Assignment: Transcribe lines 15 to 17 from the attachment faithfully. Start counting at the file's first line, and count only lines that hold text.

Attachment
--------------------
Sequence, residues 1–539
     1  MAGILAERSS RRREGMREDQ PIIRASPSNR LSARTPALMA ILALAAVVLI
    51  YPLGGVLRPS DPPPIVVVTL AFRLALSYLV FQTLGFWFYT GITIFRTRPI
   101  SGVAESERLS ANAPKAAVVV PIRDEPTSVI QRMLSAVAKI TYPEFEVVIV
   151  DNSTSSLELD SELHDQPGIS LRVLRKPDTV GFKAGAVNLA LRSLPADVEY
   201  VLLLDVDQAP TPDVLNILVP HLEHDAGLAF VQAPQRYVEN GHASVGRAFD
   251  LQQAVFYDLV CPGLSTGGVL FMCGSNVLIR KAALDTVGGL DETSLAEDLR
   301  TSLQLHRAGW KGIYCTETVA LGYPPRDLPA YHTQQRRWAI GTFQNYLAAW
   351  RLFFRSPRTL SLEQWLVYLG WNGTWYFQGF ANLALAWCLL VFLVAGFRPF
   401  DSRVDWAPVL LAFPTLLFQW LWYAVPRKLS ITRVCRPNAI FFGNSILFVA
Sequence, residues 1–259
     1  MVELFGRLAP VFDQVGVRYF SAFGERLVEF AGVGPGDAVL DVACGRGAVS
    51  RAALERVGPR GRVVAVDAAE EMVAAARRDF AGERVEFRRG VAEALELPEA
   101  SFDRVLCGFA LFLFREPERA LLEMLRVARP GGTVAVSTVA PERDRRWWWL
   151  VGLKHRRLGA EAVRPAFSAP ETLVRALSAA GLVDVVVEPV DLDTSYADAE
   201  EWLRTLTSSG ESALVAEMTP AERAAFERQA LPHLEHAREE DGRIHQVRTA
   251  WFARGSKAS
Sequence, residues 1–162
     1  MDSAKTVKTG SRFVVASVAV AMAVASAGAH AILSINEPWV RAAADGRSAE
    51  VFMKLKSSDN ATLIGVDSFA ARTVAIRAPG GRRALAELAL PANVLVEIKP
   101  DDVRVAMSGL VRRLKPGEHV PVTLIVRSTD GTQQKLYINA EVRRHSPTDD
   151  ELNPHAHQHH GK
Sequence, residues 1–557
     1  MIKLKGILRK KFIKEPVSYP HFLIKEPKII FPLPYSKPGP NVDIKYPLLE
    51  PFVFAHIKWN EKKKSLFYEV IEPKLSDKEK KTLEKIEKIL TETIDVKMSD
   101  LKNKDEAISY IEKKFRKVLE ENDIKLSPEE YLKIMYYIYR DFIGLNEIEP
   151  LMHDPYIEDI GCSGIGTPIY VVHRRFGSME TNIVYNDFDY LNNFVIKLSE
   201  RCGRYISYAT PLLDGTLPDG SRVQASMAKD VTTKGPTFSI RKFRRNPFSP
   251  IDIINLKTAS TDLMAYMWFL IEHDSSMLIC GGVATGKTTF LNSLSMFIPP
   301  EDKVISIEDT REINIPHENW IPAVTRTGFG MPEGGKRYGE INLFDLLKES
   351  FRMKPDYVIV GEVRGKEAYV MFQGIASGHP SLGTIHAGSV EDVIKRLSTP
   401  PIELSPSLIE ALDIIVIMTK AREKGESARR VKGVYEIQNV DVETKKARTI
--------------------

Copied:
   151  VGLKHRRLGA EAVRPAFSAP ETLVRALSAA GLVDVVVEPV DLDTSYADAE
   201  EWLRTLTSSG ESALVAEMTP AERAAFERQA LPHLEHAREE DGRIHQVRTA
   251  WFARGSKAS